PBFD should be suspected in any bird that shows progressive feather loss and abnormal feather development. However one can not determine that a bird is infected with the virus just by examination of the feathers. Other disease processes can result in feathers with a similar appearance. Any factor that disrupts the blood supply to the developing feather, including trauma; bacterial or fungal infection of the feather follicles; other viral infections; malnutrition; hormone reactions; and some drug reactions, can cause feather changes similar to those seen with PBFD. Identical feather lesions to those caused by PBFD can be produced by pinching developing feathers at or near the level of the pulp cap. On the other hand, birds can carry the virus in their blood but have perfectly normal feathers. Until recently, the primary method of diagnosing PBFD was the demonstration of viral particles in the cells of the feather follicle and /or shaft. This required a surgical biopsy of the affected feather and it’s associated follicle. Since PBFD virus does not affect all feathers at the same time, this test could give a false negative result if the tissue sampled did not contain the virus. A more recent test, DNA probe analysis, tests for the presence of PBFD virus in the bird’s blood. This is the only effective method available for detecting the PBFD virus in a bird before feather lesions are present. The test requires a small amount of blood. Some birds may become infected with the virus, test positive, remain infected but never show clinical signs. Other birds, become infected, test positive, fight off the infection and subsequently test negative. Therefore, it is recommended to retest any PBFD positive bird 90 days after the initial test. If this bird tests positive a second time then it is infected however if subsequent test is negative, then the bird was able to eliminate the virus and is not infected. Since the virus survives in the environment, the DNA probe can also be used to test samples of feces and/or feather dust taken from the surfaces in the environment.
Management of a FBFD Positive Bird
If a bird from a breeding aviary tests positive for PBFD, remove the bird from the environment as quickly as possible. The bird can potentially shed large numbers of viral particles that can be spread to other birds by wind or on cloths, skin, hair or inanimate objects. All areas, supplies, and equipment should be cleaned, disinfected the tested with the DNA probe as mentioned above to determine if any infective material remains. In addition, I recommend testing of all birds exposed to the positive bird as well as any offspring of the infected bird.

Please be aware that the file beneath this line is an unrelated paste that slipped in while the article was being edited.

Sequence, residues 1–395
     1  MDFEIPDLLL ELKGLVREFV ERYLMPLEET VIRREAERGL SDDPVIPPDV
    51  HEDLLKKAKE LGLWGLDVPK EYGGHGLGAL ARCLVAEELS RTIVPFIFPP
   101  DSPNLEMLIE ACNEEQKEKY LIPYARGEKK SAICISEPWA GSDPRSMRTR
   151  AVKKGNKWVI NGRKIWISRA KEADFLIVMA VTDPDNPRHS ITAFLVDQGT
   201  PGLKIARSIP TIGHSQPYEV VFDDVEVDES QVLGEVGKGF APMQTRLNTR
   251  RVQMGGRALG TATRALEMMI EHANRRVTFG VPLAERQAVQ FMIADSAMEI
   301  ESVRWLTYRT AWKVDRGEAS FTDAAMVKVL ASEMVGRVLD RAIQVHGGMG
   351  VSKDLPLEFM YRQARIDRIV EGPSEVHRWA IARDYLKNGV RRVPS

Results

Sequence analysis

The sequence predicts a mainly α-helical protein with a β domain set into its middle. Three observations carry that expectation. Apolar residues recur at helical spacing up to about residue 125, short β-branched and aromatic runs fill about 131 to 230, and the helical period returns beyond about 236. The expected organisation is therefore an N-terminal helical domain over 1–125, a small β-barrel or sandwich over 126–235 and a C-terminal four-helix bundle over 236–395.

If a companion bird tests positive then the bird should never be exposed to other birds outside of the household. Many infected birds can live a long life when provided a healthy, relatively stress free environment, good diet and regular veterinary care. Remember that you can carry the virus on your cloths.
To prevent spread of this disease, DNA probe testing is recommended on all cockatoos, lovebirds, Eclectus Parrots, African Grey Parrots and any birds showing feather lesions consistent with PBFD as part of a routine pre-purchase examination, prior to sale from an aviary or pet shop and prior to entry in to a new home/aviary. Research is ongoing for development of a vaccine against PBFD in birds.
The primary information source for this article was the text book written by Dr. Branson Ritchie, Avian Viruses: Function and Control published in 1995 from Wingers Publishing Inc., Lake Worth, Florida. Branson Ritchie, DVM, PHD is an Associate Professor of Avian and Zoologic Medicine at The University of Georgia in Athens. He and his associates have been primarily responsible for the research into the cause of PBFD and for development of testing procedures for detection of this virus and are presently working on a vaccine for prevention of the disease.